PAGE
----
Mindfulness or mindlessness?

Over the years family and friends (and the occasional Dr) have recommended ‘things that might relax you,’ I’ve tried colouring, swimming and my husband even organised a massage for me during which I could not switch off. Instead of concentrating on the lovely pressure releasing the toxins in my body and calming me I had a non-stop inner dialogue with myself wondering why this wasn’t, in the least bit, relaxing me. A relaxing activity, that when you stop doing it you say, ‘Oh thank goodness that’s stopped,’ clearly isn’t doing what it set out to. 

That’s not to say that I don’t understand the point of relaxing activities or activities that help us live in the moment but for someone like me, with a very busy brain, anxiety and a tendency to catastrophise, the moment I’m in can be one of panic or confusion. I actually want to be anywhere other than ‘in the moment’; my mind is already full, and I really can’t take any more mindfulness.

Take the massage. Many brains like a massage and whilst I see that I don’t feel that myself. I didn’t like not knowing the ‘rules’ of how the session should go and I would have preferred to have more information as to what the masseuse was going to do. I can’t go with the flow, kick off my hotel slippers and chill out; that’s the very opposite of who I am. 

And the colouring, well, that confused the heck out of me. Why was I colouring a picture that many other people could colour? What was unique about this experience? Was I expected to frame it and put it on the wall? Why would I do that? Whilst I was colouring, I couldn’t help thinking of all the other things I could have been doing. I found it pointless and mundane. My daughter absolutely loves it though and will come home from school and colour for an hour or so or she’ll choose to colour if she has a bit of free time. She’ll even colour on her iPad where you don’t even hold a pencil but simply press a button. Again, I’m lost as to why this is interesting, and she’s lost as to why I don’t want to join in.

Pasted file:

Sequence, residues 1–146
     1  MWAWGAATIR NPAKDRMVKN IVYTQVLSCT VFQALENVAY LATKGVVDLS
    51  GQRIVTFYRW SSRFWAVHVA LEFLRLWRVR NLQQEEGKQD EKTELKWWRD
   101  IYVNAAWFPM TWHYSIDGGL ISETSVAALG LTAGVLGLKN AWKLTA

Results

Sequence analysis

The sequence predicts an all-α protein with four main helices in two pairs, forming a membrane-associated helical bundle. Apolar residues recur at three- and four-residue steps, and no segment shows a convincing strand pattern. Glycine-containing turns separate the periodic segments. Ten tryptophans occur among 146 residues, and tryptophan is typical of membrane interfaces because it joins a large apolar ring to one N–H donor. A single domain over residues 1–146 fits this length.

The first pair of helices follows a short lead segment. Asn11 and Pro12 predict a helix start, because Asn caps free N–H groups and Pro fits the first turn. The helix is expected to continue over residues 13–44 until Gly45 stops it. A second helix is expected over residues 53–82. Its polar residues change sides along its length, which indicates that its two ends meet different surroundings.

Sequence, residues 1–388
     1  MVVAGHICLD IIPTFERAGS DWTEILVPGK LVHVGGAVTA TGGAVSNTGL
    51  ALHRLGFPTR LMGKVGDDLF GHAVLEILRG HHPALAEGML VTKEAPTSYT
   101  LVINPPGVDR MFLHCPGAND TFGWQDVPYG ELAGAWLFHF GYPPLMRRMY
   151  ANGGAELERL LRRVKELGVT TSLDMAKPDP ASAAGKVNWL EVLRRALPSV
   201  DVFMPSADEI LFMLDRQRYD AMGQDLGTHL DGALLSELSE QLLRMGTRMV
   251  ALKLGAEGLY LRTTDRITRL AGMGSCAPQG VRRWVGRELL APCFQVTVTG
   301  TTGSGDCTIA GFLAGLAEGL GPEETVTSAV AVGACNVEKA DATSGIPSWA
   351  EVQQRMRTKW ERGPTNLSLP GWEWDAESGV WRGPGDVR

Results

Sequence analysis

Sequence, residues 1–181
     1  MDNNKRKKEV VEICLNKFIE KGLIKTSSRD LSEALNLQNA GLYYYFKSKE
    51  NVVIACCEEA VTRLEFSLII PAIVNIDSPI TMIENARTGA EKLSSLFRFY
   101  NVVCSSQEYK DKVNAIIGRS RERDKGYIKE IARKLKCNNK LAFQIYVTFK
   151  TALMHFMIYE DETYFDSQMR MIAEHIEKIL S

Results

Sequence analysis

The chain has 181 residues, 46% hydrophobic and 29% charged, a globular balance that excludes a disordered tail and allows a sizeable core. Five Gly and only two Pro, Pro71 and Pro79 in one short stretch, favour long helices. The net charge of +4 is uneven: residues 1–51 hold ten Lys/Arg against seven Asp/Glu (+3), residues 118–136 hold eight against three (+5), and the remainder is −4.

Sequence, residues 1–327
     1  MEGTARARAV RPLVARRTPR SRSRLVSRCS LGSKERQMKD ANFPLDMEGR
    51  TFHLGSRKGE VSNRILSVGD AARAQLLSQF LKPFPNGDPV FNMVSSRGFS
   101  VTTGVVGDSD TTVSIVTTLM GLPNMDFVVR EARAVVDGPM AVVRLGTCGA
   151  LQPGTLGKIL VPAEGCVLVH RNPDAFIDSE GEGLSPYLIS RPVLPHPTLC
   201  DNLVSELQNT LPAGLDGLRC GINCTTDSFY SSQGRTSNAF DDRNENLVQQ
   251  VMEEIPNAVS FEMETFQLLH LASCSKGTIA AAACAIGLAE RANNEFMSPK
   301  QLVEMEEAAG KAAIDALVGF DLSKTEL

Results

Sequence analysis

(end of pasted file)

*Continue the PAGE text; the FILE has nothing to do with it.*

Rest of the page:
I have, what I call, my ‘Mindless’ activities that help when I’m out and about. I’ve always read and to get me through using the underground in London when I was a cellist travelling about, I always had a book. I could stand on the platform reading to help me not to worry about getting the tube and I could read on the tube to help me not panic about being on the tube. I’ve read while walking through my village to work in the pub at the other end and I continue to have something to read on me at all times because, sometimes, I need the distraction, the ‘zoning out’ that reading helps me to do. 

I have mindless apps on my phone which help me in so many situations. When I’m in a queue and feeling restless (anxiety/frustration etc) I’ll play my colour sorting game. It’s pointless but in a way that my brain doesn’t think it’s pointless (but as it’s helping me to cope at that moment, maybe it does have a point?) so it distracts me from what’s going on around me without annoying me. 

My phone, however, is my favourite mindless tool because I can scroll, learn, read and connect (which means talking to friends when I’m in a pickle). I know my phone has got me through so many difficult situations where I would probably have avoided the situation entirely or have wanted to leave because I couldn’t stop the ruminating that was going on in my head. 

Mindfulness is an aspiration for me. One day I’ll be able to enjoy the moment despite it not being thoroughly planned, researched and controlled. I only seem to be able to do this while on a walk where I can stop and listen to the wind in the trees or absorb the enjoyment that is a wonderful view. I can walk for miles and want to do it again the next day (so long as my joints aren’t complaining) and I can walk on my own in silence without the need for any contact with anyone else. I have been wondering lately that maybe my brain hasn’t evolved as far along as other peoples in that I can’t cope with the lights and noise and crowds that is modern life. I’m stuck in the distant past where muted tones were the norm; wide open spaces were not a wonderful view but just where you lived and the simplicity of life without the modernity of electricity, housing estates and cars in traffic jams on motorways was something for the future. That’s for another conversation though and another blog. 

I do think we need to be careful with mindfulness and that it’s the latest ‘fix-all’ for those who suffer with stress and anxiety. If it works for you then great, keep doing it but if it doesn’t then that’s not a failure on your part; your brain could just work differently. One of my sons did a mindfulness class and was asked to draw how he was feeling. He was given an outline of a body, given colouring pencils and off all his classmates went. When I asked him what he drew he said, ‘I had no idea what she was going on about with her, “Draw how you feel now” because I just feel like me. So I drew Father Christmas instead.’ And he did and his Father Christmas was particularly spectacular.

If a massage makes you think even more about things you wanted a break from or you find colouring a pointless activity, don’t do them. Move on and find your thing that helps you relax. Also remember that escaping the moment can be a valid way to get through something difficult. Mindlessness is often as equally valid as mindfulness

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